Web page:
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Original Q, Issue #013 -- Wally's dad
December 01, 2008

Get Another Drink and Try Again

In the spirit of good BBQ we will strive for the best. Whether bought, borrowed, or stolen... we will tweak, adjust, and otherwise perfect existing BBQ recipes into Original-Q.

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Table of Contents

Recent Website Additions and Updates

*The Brisket Rub and Wally's Dad
*BBQ Trials of Wally's Dad
*BBQ Chicken Recipes
*Brisket Rub Results from Wally's Dad

Editors Qs
*Hipshot answers reader's questions

BBQ questions only please. I don't know everything.

Recent Website Additions

The Brisket Rub and Wally's Dad

First cantact with Wally's dad and the question about timing of the brisket rub.

The Brisket Rub and Wally's Dad

BBQ Trials of Wally's Dad

Look at the BBQ trials of a newby through the eyes of Wally's dad. Learn directly from another first-timer what works... and the things to avoid.

BBQ Trials of Wally's Dad

BBQ Chicken Recipes

BBQ chicken recipes have something for everyone. Put your own touch on it for your next cookout.

BBQ Chicken Recipes

Brisket Rub Results from Wally's Dad

The brisket rub is on, the smoking is done, the family is gathered around... what now? This first attempt is surrounded with doubt and a touch of hope. Please don't keep us waiting.

Brisket Rub Results from Wally's Dad

Editor's Qs

The last time [I did some smoking] I just got some mesquite wood chunks from Lowe's, but I want to try other woods too. I've heard a lot of good things about hickory, apple, cherry, and pecan. Do you have a preference in woods? Do you get your woods locally or do you have them shipped to you? It's probably an odd question, but I honestly don't know. The only place I've even seen smoking wood for sale was in Lowe's - but that's a hardware store, not a smoking store. I really don't know where you can buy that stuff.

Growing up near Kansas City, I used to use Hickory for smoking because of its popularity and availability. I now use Mesquite wood, though, for my smoking because I like the lighter flavor. And, it's also more plentiful here in Texas.

I also have the luxury of being in a family that owns land with Mesquite and Oak growing all over it. I have wood available as I need it. Otherwise I would be getting wood chips from Lowe's too, or ordering it online. I could also buy firewood, or maybe work out an arrangement with a landowner to cut my own wood at a greatly reduced rate.

If you don't have wood readily available, try browsing online. You can also ask other people you may know, where they get their wood. If you still have trouble locating a source, stop in at the local smoke houses or BBQ joints and ask them where they get their wood. If all else fails, there is always the local grocery stores or Lowe's.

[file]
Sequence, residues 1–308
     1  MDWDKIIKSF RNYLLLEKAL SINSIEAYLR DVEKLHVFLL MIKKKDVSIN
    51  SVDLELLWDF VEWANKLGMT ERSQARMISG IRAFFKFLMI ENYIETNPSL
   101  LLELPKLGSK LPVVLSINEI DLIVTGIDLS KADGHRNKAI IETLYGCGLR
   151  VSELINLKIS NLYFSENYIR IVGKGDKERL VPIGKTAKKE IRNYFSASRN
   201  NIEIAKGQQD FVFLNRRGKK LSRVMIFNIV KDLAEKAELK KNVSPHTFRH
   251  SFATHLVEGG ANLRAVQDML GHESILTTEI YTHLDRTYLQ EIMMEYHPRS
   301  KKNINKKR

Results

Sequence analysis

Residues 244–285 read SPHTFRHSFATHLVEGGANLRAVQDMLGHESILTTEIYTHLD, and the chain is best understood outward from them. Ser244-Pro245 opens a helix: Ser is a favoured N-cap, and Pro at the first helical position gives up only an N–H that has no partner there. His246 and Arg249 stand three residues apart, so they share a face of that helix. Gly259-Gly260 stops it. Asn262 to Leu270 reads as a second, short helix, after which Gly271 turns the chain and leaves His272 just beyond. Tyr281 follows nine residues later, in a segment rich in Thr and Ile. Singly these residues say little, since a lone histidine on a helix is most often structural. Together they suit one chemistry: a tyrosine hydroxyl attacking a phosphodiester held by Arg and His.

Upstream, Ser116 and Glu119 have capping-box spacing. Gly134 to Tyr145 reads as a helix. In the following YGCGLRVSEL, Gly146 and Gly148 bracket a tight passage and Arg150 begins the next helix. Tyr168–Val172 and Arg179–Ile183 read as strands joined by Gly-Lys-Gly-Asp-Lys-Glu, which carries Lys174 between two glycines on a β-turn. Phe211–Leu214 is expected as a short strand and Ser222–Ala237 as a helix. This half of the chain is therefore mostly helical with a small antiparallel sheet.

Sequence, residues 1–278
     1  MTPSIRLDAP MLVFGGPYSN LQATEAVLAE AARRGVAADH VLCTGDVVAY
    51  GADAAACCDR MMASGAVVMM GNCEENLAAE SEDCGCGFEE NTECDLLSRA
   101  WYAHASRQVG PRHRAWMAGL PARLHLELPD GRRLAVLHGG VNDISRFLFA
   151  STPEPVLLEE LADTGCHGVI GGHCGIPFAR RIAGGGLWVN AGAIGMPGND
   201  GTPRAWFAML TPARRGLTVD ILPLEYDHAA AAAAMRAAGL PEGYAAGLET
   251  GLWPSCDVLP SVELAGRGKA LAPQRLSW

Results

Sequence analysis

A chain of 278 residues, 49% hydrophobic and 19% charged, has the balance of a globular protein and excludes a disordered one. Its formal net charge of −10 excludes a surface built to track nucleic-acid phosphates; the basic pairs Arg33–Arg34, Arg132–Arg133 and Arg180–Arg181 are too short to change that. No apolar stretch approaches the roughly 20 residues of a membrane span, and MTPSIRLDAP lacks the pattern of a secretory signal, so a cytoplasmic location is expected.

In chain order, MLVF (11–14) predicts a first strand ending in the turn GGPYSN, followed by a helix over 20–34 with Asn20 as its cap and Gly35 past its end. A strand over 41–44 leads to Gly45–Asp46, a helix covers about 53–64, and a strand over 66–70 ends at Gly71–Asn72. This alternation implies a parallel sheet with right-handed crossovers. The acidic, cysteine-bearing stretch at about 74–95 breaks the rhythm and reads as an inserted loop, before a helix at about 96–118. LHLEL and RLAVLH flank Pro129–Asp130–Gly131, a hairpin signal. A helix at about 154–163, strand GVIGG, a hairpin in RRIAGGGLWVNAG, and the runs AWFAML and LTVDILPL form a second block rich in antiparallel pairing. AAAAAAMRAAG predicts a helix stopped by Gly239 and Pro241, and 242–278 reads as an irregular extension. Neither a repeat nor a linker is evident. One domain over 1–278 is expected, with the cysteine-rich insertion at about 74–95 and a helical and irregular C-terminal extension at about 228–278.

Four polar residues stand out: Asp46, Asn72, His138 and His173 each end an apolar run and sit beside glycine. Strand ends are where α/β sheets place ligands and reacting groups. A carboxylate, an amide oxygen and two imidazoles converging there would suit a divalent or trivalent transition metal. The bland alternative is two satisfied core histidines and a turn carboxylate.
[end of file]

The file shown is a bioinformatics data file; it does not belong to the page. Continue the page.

Different kinds of wood create different flavors. It's like using seasonings... different people have different tastes. In the same way that I tell you to experiment with spices to find the right blend for your recipes, do the same for wood. Try different woods to find which ones you prefer.

Some woods have a stronger flavor than others. A few of them can be too overpowering to some people. It takes a little time, but trying them out for yourself is the best way to decide what you like and don't like. Here are a few basic guidelines.

Oak has a pretty heavy smoke flavor. Its popularity is second only to...

Hickory has a strong smoky taste. It is the most common smoking wood and good with any kind of meat.

Mesquite has a sweet, light taste. It burns hotter than other woods and is great with all meats.

Pecan has a nice taste that's lighter than hickory. It's also good with almost anything.

Apple wood has a sweet, fruity smoke taste. It is good with many meats, but commonly used to smoke ham and bacon.

Cherry has a slightly sweet flavor and good with most meats.

Always use wood that is well seasoned (dried). Never use green woods because they can ruin your smoker (not to mention the meat). I made that mistake once, but never again. You can also check this article for more details on smoking wood.

Remember: Never cook large pieces of meat (beef brisket or pork butts) at temperatures over 225 degrees. Doing that can boil the fat right out of the inside of the meat. You know what that does... it dries out your meat.

The Challenge Continues.

I don't want to give you the idea that I can't be stumped, but... let's see what happens.

BBQ questions only please. I don't know everything.

All the Best

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